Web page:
As Preston and other members organize wine events in the Columbia area, he can imagine opportunities to meet more lawyers in other practice areas than section get-togethers would afford, as well as the chance to interact with lawyers who he might not meet at state or local bar gatherings.


“The people involved in the ABA aren’t necessarily the same people who are involved in the South Carolina bar,” he says. “This program gives me the opportunity to interact with lawyers who see the same value in the ABA that I do. People want additional value out of associations. For my generation, associations have become discretionary.”

For people who are still paying off law school loans, the discounts that ABA Leisure will help generate will be welcome, Preston says, adding that he plans to leverage his Young Lawyers Division position to spread the word. “My job purely is to articulate the value of the ABA to our association’s youngest members,” he says. “I see my role as helping people see how ABA Leisure is a new member benefit.”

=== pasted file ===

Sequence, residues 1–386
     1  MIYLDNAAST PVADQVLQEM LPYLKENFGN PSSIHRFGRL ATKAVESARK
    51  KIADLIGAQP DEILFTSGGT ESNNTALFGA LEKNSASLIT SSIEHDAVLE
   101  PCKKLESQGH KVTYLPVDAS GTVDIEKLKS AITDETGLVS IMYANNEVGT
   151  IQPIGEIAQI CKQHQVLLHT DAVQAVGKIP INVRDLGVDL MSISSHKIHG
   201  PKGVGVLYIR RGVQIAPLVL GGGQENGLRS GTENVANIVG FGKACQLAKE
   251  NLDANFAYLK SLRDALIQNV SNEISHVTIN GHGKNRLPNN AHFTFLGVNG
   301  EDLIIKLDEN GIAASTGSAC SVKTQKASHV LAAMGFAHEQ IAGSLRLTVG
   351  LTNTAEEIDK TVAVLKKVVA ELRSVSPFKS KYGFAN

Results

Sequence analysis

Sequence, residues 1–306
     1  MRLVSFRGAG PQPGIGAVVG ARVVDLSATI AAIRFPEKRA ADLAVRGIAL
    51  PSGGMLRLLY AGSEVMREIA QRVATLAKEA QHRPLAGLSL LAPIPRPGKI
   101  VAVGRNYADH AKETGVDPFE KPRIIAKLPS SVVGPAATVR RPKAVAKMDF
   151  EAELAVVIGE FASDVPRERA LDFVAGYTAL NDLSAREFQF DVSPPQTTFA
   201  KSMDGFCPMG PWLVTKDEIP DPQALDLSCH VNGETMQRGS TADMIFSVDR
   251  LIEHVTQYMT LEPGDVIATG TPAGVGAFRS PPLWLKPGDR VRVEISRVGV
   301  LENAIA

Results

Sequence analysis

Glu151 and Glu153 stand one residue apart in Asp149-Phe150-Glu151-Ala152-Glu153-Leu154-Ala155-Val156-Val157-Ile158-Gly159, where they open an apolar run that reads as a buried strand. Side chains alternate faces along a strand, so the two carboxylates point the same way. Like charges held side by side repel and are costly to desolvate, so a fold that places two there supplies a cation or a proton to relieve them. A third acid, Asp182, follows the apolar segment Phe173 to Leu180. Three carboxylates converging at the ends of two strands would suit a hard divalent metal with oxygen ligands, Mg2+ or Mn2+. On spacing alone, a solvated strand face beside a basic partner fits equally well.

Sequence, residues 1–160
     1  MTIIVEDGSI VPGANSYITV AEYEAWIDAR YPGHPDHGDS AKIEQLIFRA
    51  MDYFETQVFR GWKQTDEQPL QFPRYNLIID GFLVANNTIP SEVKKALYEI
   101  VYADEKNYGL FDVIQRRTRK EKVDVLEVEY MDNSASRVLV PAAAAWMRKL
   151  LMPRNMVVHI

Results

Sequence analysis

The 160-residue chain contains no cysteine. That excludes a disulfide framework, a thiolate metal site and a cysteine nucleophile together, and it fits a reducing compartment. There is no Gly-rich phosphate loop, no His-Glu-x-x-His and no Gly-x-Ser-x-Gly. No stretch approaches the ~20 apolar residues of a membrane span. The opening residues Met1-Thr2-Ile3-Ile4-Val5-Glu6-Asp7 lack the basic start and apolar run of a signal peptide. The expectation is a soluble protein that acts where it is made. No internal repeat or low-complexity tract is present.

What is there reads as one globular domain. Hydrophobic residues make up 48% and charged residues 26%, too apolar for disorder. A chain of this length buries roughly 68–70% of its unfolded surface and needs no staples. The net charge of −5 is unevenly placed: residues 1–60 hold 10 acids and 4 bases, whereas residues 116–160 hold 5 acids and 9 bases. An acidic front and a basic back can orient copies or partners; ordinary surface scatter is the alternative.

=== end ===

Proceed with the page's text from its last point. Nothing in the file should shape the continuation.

The millennial generation has taken a particular interest in wine and wine culture, Preston says, and he expects the ABA Wine Club to be a hit with lawyers in their 20s and 30s. “They might have seen the ABA as an association for older attorneys who might have been in the profession for a longer period of time,” he says. “With this, they might see it as something cool and attractive that they want to be part of as well.”



Heather Preston, a partner at Kilpatrick Townsend & Stockton in Atlanta (no relation to Tommy Preston), has been involved in building the ABA Golf Community in her area.

“The first and foremost thing it will accomplish, as far as ABA Golf, is a way for people to get out and meet people outside their practice areas in a social situation as opposed to regular conferences,” she says. “As a tax lawyer, I tend to gravitate toward the tax section, and my contacts are limited to those folks. Broadening and meeting other lawyers is good for personal development as well as professional. Plus, it forces you to get out of the office and play golf. We all spend so much time working.”